On Thursday we tried something a bit different by breaking into several smaller groups, each with a group leader so that many different topics could be covered. Unfortunately, I was unable to go to them all so I don't have good coverage on what topics were discussed. I do know that brake boosters, auxiliary vacuum pumps, rear disk brakes, electrical inverters, wheel and tires, GPS systems, use of computers in the motorhome while on the road, and Darren Paget's wheel stabilizers that prevent tires from coming off in the event of a flat or blowout were among the topics.

This was followed by an Ask The Experts Panel comprised of Denny Allen, Chuck Aulgur, Zay Brand, and Duane Simmons. This continues to be a very popular session. The audience asked many questions and hopefully many people had their problems solved or were given a good start by the advice of our panel.

This is a great thing about our Roundups. The willingness of people to help one another with diagnosing and repairing problems could be seen everywhere. Henry Davis was spotted at several motorhomes with his Volt-Ohm-Meter in his hand checking out electrical problems (free, of course!), and there were quite a few people helping me when I discovered a broken rear shock and when I had to replace a house battery that had a bad cell. Dave Lowry really gets around on that electric cart of his - he seemed to be everywhere passing out his usual sage advice. Al Chernoff was seen frequently passing out parts from his rolling parts warehouse - extra air bag, 12-volt solenoid, electric fuel pump, fuses, and just about whatever else anyone seemed to need! If Al didn't have it someone else seemed to. Thanks to Frank McQuilliams for the loan of a Bilstein shock. I was able to get back on the road right away. I just can't recall where I've seen this many great people in one place. I, like most others, always seem to get more out of it than I put into it. I am really looking forward to our next rally at Mariposa.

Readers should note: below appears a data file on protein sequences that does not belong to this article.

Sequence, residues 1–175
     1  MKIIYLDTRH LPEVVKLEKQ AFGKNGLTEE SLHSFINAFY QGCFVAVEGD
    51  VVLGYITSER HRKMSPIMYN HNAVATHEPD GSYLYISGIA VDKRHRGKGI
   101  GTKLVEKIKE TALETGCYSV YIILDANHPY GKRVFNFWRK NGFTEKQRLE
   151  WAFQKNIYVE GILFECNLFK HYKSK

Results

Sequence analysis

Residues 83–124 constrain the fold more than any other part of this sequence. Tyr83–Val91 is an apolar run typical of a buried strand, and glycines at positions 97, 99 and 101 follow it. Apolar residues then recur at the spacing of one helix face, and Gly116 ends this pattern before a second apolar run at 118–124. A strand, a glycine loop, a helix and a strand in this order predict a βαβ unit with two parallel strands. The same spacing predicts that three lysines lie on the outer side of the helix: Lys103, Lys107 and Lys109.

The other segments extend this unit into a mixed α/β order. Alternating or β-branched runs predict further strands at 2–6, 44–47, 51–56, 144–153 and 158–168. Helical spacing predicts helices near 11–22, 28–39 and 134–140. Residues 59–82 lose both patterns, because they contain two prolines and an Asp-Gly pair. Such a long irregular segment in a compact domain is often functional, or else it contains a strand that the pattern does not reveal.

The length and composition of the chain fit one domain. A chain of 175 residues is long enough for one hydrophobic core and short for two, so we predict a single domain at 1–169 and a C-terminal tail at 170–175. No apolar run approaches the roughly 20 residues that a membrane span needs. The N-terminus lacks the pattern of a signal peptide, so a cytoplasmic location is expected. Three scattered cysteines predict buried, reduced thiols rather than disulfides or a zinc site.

Rear Bearing Adjustment
Since we have covered Timken bearings, I would like to point out that they have an excellent Website with a lot of information on it. Go to They have much information on cleaning, packing with grease and adjustment of bearings. In particular, their detailed method of using a dial indicator to adjust the rear bearings to .005 inch clearance is especially good information.


What Tools and Spare Parts Do You Need

I have been asked this question several times so I decided to write it all down. Even though I carry a lot of tools I still don't carry as many as some GMCers that I know.

My tools consist of a Plano Tackle box used as a toolbox. By removing my original "Buzz Box" and replacing it with a StatPower charger mounted on the back wall and rotating the electrical switch panel to the left side wall, I am able to store the tool box in the compartment that held the original charger.

The top compartment and the four-compartmented drawers of the toolbox hold the following:

Crescent Wrenches - three sizes
Vise Grips (two sizes)
Needle Nose Pliers (two sizes)
Electrician's pliers
Side Cutters (two sizes)
Channel lock pliers
Screwdrivers - 3 sizes of flat, 3 sizes of Phillips and a set of tiny screwdrivers